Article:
Mediators, so you think you're neutral? Bias hard to detect in ourselves, study shows
For mediators, impartiality is our stock-in-trade. The integrity and fairness of the process depend upon our ability to conduct ourselves as "neutrals", a term we often use to describe the role we serve.
Much ink, both real and virtual, has been spilled in exploring the meaning and significance of impartiality, together with its implications for mediation practice and the extent to which it defines the mediator's role and limits the possible interventions a mediator may deploy. (Consider, for example, this article that asks "Impartiality v. Substantive Neutrality: Is the Mediator Authorized to Provide Legal Advice?") In fact, googling together the words "mediator" and "impartiality" yields 617,000 hits, signaling that this is a topic of interest for both mediators and consumers of their services.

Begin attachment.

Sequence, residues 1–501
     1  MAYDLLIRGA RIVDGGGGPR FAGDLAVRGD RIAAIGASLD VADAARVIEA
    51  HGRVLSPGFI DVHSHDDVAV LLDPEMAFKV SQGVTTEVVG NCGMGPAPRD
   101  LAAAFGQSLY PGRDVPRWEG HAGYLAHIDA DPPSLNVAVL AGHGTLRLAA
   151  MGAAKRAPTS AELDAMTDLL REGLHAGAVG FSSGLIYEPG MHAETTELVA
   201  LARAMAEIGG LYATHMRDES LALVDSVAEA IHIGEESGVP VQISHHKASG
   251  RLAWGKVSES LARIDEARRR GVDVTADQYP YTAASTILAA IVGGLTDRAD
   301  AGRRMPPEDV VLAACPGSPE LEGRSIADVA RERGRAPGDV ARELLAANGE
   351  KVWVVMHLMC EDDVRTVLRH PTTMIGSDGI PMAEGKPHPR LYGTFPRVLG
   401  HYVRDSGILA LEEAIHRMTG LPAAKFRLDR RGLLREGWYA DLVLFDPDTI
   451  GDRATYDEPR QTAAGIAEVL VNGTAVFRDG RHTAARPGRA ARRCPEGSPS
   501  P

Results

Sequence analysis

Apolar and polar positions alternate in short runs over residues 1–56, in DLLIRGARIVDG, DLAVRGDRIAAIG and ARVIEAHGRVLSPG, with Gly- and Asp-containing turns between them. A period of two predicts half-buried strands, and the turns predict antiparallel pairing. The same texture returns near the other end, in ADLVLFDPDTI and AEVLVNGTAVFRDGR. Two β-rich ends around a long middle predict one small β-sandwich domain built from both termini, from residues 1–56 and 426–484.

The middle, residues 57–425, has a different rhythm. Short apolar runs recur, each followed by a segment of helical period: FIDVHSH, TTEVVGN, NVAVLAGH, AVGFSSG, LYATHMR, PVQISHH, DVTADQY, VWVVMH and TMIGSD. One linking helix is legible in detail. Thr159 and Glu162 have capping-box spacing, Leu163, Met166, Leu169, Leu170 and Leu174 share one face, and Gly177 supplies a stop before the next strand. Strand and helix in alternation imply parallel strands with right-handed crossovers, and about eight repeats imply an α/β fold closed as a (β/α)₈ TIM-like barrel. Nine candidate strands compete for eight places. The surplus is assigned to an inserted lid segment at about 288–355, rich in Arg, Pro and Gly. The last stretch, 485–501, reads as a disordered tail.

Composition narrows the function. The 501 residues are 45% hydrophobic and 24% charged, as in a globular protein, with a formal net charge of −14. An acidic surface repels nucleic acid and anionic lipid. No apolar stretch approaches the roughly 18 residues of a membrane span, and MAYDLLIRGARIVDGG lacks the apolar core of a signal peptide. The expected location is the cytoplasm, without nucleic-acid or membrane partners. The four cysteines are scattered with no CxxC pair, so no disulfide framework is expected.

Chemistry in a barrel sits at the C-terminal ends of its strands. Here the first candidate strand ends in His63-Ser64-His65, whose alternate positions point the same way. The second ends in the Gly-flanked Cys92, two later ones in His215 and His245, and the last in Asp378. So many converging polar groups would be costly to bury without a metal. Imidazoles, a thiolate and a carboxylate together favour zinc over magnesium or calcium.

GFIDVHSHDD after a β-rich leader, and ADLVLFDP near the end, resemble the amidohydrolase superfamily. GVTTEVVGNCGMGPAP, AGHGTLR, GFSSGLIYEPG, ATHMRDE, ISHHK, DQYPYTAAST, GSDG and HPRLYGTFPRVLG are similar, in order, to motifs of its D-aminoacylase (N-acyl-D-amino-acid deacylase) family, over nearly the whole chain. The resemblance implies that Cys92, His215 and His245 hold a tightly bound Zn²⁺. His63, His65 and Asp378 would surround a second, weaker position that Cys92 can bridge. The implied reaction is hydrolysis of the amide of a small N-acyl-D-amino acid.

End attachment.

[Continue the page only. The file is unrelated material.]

It's a preoccupation that of course I share. If you do as well, then consider the following articles on bias.
From The Situationist: "I'm Objective, You're Biased", which looks at "bias blind spots"--the extent to which many of us readily spot bias in others while remaining blind to our own.
And from ScientificAmerican.com,"Not-so-deliberate: The decisive power of what you don't know you know", which looks at the ways in which "even seemingly rational, straightforward, conscious decisions about arbitrary matters can easily be biased by inputs coming in below our radar of awareness."